Sizing up advertising can sometimes be a rather tough gig, particularly when there are several other factors at play in starting your business or bettering your current one. If, for instance, you are at a local sports club – and you are eager to generate some passive income from banner advertising, then what factors should you consider when doing this? You might not have a lot of money to spend, but you can be really clever what cash you do have at hand – and the areas, positioning and resources available to your ambitious ideas about generating extra income for your local community club.
Well, if your area is small, then you can’t exactly put in an oversized billboard that is literally and figuratively going to overshadow everything else in its wake. Have a look at the banner signs Melbourne and other areas in Australia – and other countries – have to show for themselves. These examples should help you go a long way in deciding exactly what it is you want to do for yourself and your club – and, of course, its members. It is just the right thing to do – to seek the input and advice others around your neighbourhood bring to the proverbial table.
While you might have to oblige brand and corporate identity, you will always need to offer some colour to the banners – even if those hues are just black and white or shades thereof. Some local examples are the blue and yellow boasted by a community cricket club, but international ideas can be found in the orange and green of some football brands. If not those two, then three or four others will show you exactly what counts and what doesn’t when it comes to the colours required or the colours that are really untoward and rather avoided.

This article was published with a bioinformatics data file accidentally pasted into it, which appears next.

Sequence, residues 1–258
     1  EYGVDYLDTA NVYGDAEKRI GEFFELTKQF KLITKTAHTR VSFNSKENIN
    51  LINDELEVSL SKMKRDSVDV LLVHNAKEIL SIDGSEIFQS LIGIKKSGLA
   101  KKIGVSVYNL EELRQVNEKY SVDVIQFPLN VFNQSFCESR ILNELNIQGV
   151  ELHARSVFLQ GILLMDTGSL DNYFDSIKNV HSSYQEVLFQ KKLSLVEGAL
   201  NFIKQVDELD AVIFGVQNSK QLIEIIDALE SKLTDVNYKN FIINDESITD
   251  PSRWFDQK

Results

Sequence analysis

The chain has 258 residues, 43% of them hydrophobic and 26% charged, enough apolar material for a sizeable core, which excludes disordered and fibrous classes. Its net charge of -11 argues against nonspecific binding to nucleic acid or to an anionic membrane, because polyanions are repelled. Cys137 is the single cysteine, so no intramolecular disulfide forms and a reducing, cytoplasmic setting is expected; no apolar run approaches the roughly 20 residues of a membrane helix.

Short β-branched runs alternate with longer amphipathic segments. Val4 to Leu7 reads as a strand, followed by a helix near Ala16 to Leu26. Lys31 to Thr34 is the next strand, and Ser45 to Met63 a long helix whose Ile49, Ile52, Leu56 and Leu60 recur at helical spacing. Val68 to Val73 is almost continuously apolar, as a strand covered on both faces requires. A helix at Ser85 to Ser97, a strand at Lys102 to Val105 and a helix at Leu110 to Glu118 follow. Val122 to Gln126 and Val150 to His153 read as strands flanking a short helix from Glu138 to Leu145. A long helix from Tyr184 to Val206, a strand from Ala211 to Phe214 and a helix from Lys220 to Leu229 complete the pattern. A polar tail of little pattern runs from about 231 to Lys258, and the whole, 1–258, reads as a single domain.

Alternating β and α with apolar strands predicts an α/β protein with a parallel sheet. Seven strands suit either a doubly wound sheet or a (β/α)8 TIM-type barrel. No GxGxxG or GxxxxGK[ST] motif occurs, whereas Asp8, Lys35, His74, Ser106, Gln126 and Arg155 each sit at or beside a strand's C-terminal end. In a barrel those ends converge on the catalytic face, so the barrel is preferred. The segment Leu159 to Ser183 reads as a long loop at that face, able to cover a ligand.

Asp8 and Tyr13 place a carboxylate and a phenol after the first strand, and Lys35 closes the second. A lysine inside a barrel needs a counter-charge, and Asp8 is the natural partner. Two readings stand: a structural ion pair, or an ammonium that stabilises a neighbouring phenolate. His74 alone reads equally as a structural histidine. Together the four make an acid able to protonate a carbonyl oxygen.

Whether it is facing the road, getting the eyeballs from high traffic areas, or inward facing and only really looking at most or some part of the foot traffic – these elements all have their own benefits and downfalls. The important thing is to really seek that balance – and look deep into the integrity of the placement. For goodness sake, don’t put it behind a tree and expect it to catch the eyes of anything else than a squirrel. Find the most prominent and feasible – and lawful – position and then use that. Ask around and look around and hear and see what others are doing – and then take their example or examples.
Consider doing the advertising banner in the right material that is resistant to bad weather and also resilient in the face of bright sunshine. If it is pouring with rain, then wood is going to get badly weathered. If it is cheap and thin plastic, then sun is going to break that soon enough. Make sure it is steadfast on the ground too, erected to withstand strong winds and other storm-related elements. You want it standing for long periods of time, and able to catch the glance of as many people on the market as possible.